There may be times when the artist wishes to be unclear in the service of storytelling. For example, if the story is from the POV of a confused or delusional character, the visual will reflect that state of mind.

-Do not attempt to show every minute in a scene. Pick the “highlights”/key frames to show.

-What is “in between” panels is important. The viewer will often fill in the “gaps” between panels with visuals they generate internally.

-Clearly establish cast, environment & scenario. Keep the environments you establish consistent. Do not arbitrarily change a room or a scene you’ve established as you draw successive panels. If you show that there is only one door in the room your establishing, keep is consistent throughout the scene. If the status quo of a scene is purposely changed, show the transition action and clearly establish the new status quo.

-Maintain action flow continuity. Establish and maintain the movement direction of characters, vehicles and other objects within the story environment. This is a concept that has not been getting as much attention in comics or film as it used to. This is due in part to the influence of chaotic, quick-cut, documentary-like music videos and 3D game environments. In linear visual stoytetleloling environments however, it is very important.*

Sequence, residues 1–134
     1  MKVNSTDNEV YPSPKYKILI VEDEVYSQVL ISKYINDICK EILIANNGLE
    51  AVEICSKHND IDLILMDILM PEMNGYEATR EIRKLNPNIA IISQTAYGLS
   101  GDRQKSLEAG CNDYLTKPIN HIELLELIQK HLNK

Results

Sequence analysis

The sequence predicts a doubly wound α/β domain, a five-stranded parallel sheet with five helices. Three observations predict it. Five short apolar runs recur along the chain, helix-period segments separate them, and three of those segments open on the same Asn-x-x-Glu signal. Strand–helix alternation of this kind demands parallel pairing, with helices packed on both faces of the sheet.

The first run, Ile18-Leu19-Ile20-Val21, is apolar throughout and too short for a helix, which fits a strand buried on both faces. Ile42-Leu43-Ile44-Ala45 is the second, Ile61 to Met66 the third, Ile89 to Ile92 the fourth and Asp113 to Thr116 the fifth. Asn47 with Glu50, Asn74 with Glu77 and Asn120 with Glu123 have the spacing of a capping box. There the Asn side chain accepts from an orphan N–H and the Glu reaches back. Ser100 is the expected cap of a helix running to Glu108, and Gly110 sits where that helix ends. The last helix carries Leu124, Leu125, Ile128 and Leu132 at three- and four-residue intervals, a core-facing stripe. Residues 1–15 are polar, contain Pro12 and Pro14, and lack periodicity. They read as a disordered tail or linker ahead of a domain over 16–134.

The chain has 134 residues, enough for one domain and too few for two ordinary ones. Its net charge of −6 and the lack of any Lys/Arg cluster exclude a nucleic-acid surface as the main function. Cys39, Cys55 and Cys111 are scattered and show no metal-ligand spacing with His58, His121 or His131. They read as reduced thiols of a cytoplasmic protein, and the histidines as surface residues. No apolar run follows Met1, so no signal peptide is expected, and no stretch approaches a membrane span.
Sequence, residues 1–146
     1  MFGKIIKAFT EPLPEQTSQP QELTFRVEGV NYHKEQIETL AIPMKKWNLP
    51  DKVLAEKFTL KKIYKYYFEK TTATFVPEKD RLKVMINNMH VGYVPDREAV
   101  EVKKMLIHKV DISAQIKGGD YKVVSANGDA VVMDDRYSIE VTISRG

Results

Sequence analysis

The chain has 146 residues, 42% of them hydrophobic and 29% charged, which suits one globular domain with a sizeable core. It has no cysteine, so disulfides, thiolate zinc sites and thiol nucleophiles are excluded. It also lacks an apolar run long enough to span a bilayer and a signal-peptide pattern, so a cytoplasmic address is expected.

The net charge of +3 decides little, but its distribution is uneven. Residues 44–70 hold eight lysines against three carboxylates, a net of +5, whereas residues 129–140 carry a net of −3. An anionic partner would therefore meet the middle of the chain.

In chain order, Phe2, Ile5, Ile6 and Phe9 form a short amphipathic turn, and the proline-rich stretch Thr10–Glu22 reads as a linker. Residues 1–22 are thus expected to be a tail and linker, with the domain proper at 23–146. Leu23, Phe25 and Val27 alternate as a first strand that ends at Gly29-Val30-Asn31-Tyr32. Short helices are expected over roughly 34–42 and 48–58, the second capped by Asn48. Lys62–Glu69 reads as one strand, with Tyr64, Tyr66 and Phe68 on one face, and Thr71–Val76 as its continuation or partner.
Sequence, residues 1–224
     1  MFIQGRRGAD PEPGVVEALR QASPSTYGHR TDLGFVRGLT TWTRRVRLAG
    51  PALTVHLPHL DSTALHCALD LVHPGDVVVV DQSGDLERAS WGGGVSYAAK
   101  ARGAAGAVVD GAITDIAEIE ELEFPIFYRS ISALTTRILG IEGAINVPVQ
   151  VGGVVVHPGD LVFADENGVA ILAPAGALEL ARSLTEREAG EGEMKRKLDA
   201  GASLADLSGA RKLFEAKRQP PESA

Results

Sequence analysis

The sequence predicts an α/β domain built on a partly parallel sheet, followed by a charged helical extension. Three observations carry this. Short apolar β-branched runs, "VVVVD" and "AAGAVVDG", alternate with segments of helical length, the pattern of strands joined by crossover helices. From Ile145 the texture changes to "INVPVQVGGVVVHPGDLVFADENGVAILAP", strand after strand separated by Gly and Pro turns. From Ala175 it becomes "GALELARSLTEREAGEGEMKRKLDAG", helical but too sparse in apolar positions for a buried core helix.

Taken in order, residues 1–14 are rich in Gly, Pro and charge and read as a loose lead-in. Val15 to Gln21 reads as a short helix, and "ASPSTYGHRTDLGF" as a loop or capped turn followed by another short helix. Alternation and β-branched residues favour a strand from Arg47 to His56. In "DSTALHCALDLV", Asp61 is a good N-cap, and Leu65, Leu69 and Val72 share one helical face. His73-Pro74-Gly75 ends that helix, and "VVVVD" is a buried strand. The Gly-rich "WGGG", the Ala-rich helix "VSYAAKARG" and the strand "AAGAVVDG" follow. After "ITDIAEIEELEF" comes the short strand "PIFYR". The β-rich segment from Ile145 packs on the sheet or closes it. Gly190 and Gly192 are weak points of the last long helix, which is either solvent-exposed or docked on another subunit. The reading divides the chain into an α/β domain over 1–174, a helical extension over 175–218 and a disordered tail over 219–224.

-Three Types of Shots:
Long shots are generally used to establish a scene. Clearly show where everything and everyone is in relation to each other. Pretend you’re setting up a stage or film set. Know the environment from every angle.

Medium shots are often used to show action. These shots usually show full-figures in action. The extremes of an action — the action’s beginning or ending — are usually the most dynamic parts to show. Think of John Buscema’s diagram in How to Draw Comics the Marvel Way where he clearly shows that the wind-up and the follow-through are the most dynamic parts of a punch.

Close-ups are often used to show reaction.